Life is Her Oyster: Walking the Tide Flats with Betsy Peabody

by Tim Flanagan on August 18, 2010

Patrick J. Sullivan has the story in the Port Townsend Leader:

["Honor our Heritage" banners promoting the arrival of the new ferry M/V Chetzemoka, website like this named for the S’Klallam chief (circa 1808-1888). These banners are attached to new lampposts along Water Street. Photo by Patrick J. Sullivan]

The city’s new streetlamps are now supporting banners to promote the arrival of the new state ferry, patient the M/V Chetzemoka.

The red, tadalafil yellow and blue banners are part of the GoChetzemoka.com campaign born on the Olympic Peninsula and Central Whidbey Island to promote the arrival of Washington State Ferries’ first new boat in more than a decade.

The Chetzemoka is slated to be at the Keystone and Port Townsend terminals for special ceremonies on Sunday, Aug. 29, and begin official service on Monday, Aug. 30. Whether driveline vibration issues uncovered during sea trials last week means a delay is yet undetermined.

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The Kitsap Sun has this story:

SEABECK — Residents in the Miami Beach area of Hood Canal reported a stench on Monday that they attributed to dying oysters from an incident with a Navy ship on Thursday.

Vickie Veloni, tuberculosis
one of the residents, artificial
said she was not interested in filing a damage claim against the Navy. Her goal is to make sure that a Navy vessel is never allowed to create such a large wake again.

The USS Port Royal, a 567-foot guided-missile cruiser, was undergoing testing at the Navy’s Dabob Range on Hood Canal near Quilcene on Thursday. The ship was blamed for creating a wake that crossed Hood Canal and washed oysters and other debris high up on shore. Veloni said the oysters began to die over the hot and sunny weekend just past.

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Christopher Dunagan has this story in his Kitsap Sun blog:

Killer whale observers are celebrating the birth of a new calf born in L pod, more about
one of the three groups of whales that frequent Puget Sound and the Salish Sea. The proud mom is L-47, shop
also known as “Marina.”


[Photo by Ken Balcomb, public health
Center for Whale Research]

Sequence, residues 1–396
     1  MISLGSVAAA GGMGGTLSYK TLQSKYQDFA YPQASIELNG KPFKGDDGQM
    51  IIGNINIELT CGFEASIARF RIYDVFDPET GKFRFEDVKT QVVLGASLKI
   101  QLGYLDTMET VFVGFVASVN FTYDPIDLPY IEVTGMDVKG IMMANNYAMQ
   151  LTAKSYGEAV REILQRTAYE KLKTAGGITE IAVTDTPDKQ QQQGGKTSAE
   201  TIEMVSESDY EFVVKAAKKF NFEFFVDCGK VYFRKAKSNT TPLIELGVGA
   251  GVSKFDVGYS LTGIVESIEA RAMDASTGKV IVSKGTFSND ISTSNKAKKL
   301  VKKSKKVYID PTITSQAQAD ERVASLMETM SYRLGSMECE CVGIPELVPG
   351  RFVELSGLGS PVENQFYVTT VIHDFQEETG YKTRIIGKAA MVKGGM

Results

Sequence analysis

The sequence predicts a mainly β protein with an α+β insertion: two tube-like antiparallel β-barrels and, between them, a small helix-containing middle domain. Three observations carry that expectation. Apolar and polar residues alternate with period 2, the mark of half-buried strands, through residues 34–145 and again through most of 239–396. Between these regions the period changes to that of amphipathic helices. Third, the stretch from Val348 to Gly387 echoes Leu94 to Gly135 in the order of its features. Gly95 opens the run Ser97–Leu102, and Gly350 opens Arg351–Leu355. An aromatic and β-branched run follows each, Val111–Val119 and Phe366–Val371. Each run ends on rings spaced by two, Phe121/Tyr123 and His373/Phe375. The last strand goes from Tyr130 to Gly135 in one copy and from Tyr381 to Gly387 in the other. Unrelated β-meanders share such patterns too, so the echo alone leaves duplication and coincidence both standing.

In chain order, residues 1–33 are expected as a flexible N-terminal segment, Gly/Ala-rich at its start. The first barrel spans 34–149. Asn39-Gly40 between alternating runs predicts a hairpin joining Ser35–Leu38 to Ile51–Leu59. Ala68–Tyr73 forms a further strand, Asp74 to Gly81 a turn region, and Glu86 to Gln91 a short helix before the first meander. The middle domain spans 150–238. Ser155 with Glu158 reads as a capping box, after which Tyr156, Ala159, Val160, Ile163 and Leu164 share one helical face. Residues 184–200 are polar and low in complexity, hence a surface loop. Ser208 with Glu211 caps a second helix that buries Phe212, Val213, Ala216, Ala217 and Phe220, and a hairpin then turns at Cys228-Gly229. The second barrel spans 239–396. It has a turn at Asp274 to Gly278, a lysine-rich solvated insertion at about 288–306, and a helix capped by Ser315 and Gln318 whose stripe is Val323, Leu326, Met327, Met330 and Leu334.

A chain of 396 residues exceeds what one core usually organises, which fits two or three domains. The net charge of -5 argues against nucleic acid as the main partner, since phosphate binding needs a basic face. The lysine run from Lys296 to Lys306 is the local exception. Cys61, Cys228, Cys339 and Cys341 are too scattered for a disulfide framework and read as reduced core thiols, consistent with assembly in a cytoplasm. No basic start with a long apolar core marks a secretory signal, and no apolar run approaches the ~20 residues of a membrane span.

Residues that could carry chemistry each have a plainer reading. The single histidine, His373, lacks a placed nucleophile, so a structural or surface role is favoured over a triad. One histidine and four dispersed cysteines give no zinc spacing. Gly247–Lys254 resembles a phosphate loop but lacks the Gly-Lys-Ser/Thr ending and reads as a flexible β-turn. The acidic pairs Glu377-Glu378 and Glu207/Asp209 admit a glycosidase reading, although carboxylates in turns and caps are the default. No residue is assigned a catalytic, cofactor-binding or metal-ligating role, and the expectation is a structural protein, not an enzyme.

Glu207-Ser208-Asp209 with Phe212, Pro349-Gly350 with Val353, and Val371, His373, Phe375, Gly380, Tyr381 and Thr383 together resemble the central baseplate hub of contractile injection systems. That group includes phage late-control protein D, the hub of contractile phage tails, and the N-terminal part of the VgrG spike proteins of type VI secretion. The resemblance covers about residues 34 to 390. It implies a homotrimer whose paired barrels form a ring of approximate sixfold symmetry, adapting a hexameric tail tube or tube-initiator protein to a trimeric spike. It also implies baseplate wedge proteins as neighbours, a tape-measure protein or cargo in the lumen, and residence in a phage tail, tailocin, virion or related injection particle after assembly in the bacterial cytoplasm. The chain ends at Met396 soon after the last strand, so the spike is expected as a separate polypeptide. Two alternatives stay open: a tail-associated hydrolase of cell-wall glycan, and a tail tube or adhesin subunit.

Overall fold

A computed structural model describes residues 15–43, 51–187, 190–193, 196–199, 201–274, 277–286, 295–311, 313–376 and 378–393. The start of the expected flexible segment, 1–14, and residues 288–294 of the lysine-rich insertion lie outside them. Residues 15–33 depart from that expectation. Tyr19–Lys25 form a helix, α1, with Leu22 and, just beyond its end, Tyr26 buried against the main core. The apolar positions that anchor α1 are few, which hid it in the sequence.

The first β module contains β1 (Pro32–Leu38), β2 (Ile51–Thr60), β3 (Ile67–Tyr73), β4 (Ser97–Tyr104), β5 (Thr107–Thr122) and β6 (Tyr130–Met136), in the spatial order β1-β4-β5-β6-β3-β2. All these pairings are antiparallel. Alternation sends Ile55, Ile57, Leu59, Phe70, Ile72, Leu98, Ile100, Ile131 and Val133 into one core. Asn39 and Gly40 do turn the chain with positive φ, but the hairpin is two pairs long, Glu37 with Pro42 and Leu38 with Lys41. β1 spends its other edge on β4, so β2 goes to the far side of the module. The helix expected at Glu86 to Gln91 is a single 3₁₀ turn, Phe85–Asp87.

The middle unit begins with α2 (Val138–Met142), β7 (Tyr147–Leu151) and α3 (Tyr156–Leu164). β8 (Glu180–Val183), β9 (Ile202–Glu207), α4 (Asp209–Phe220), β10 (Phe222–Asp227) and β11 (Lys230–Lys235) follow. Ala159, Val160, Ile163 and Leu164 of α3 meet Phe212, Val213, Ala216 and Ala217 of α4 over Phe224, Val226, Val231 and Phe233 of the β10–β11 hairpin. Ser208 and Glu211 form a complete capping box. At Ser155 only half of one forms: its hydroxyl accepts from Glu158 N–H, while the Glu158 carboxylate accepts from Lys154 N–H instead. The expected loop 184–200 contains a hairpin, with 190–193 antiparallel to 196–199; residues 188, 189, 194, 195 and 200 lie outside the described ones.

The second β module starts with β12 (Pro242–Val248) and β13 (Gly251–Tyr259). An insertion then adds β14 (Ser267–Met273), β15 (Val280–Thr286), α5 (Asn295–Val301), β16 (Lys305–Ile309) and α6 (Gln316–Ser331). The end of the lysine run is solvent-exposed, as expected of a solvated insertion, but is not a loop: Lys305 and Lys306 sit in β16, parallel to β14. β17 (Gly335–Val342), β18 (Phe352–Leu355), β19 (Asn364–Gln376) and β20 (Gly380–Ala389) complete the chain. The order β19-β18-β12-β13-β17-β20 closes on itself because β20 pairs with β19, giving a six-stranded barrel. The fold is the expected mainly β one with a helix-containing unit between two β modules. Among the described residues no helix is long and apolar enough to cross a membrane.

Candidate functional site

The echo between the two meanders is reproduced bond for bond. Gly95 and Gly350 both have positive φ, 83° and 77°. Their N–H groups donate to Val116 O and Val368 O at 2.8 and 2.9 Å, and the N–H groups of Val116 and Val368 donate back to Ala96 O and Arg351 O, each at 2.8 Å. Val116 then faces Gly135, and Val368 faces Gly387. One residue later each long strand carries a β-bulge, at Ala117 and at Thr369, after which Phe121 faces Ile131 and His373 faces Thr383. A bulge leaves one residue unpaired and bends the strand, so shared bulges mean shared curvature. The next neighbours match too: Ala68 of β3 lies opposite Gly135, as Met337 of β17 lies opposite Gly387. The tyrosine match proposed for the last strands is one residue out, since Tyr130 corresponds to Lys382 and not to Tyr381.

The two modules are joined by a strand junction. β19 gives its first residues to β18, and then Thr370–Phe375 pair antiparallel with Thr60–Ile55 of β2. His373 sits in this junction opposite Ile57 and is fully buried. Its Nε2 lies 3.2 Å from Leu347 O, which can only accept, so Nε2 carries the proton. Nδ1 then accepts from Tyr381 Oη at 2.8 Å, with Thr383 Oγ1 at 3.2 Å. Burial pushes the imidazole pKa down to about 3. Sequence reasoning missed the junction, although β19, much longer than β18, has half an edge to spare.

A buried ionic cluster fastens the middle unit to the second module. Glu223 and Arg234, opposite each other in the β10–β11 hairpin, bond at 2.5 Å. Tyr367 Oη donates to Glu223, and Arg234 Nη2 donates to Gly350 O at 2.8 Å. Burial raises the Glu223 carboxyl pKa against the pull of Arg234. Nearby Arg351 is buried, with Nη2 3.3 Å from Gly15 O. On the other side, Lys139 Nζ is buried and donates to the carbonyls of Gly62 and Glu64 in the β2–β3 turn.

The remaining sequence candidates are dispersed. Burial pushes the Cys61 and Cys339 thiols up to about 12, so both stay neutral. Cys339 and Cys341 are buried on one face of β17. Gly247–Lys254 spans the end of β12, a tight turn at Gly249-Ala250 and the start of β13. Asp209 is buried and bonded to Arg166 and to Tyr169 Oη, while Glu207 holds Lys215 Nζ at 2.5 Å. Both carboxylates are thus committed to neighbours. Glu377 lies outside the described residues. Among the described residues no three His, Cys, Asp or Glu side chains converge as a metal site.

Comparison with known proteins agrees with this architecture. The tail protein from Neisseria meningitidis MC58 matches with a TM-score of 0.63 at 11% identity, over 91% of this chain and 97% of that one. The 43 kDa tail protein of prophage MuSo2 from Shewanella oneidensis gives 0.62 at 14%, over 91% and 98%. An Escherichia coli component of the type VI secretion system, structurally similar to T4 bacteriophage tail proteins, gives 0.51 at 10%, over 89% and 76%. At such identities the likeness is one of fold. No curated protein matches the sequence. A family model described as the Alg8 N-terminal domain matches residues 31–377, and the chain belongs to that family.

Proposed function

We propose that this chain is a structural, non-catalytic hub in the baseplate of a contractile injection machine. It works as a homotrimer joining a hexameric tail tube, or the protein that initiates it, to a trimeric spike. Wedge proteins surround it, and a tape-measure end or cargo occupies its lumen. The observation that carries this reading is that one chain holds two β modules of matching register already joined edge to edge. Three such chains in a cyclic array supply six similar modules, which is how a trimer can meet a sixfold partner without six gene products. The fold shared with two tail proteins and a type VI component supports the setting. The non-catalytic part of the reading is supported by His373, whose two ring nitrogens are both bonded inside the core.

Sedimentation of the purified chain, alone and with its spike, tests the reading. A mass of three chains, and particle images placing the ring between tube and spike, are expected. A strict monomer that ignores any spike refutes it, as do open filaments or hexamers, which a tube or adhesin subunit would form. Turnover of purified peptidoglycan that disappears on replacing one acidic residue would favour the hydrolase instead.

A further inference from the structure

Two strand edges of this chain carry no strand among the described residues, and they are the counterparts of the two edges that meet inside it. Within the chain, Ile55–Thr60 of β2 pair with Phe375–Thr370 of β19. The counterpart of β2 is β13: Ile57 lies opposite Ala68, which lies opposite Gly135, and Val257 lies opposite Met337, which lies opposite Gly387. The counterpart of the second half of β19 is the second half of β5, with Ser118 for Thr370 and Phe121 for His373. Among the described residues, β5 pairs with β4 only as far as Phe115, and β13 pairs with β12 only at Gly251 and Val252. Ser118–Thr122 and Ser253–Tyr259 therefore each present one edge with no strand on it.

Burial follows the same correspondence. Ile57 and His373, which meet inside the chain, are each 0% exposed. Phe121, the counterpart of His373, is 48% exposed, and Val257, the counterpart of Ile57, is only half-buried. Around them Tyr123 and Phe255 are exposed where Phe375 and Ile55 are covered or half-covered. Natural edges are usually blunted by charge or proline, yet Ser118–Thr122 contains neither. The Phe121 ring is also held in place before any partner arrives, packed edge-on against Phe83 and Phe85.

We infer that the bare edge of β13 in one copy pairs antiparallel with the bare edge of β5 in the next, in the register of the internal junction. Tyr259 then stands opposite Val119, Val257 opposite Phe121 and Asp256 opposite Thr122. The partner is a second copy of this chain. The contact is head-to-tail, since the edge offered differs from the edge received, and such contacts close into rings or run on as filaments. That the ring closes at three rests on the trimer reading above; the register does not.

The calf, less than three weeks old, appears to be doing fine, according to Ken Balcomb of the Center for Whale Research. Excitement over the birth is tempered somewhat by the knowledge that Marina has lost five of her seven known calves, with survivors being two of her older offspring.

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DNR’s Ear to the Ground blog has this story:

Derelict VesselDNR operates a nationally recognized, tooth
comprehensive derelict vessel removal program to remove abandoned boats that can cause navigational hazards, release oil and toxics, and pose threats to aquatic life. Artwork: Luis Prado/DNR

What’s a derelict vessel? A derelict vessel is a fancy expression for an abandoned, rotting, ugly boat in the water. Derelict vessels are a problem for numerous reasons. They eventually break down and allow toxins (including motor oil and fuel)  to enter the water which harms aquatic animals and habitats. They break apart and leave a mess of debris and old boating gear floating around. They also cause navigational hazards and safety concerns for boats passing through the area.

Thankfully, a DNR-run program helps remove these hazardous eyesores. The Derelict Vessel Removal Program (DVRP) is the first mechanism to address the problem of derelict or abandoned vessels in Washington State’s waters. The program provides funding and expertise to assist public agencies in removing and disposing of vessels across the state.

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Liam Moriarty has the story on his blog at KPLU:

[Betsy Peabody heads the Puget Sound Restoration Fund, clinic
a non-profit that — among other projects — is working to restore native Olympia oysters. Photo by Liam Moriarty]

In the 1920s, the hardy Pacific oyster was introduced into Puget Sound to replace the more-delicate Olympia oysters, whose numbers were being diminished by pollution. Now, the once-abundant native shellfish are down to less than 4 percent of their historical numbers.

This week Liam walks the tide flats of Case Inlet in south Puget Sound with Betsy Peabody. Peabody heads the Puget Sound Restoration Fund, which is setting the stage for the comeback of the Salish Sea’s native oysters.

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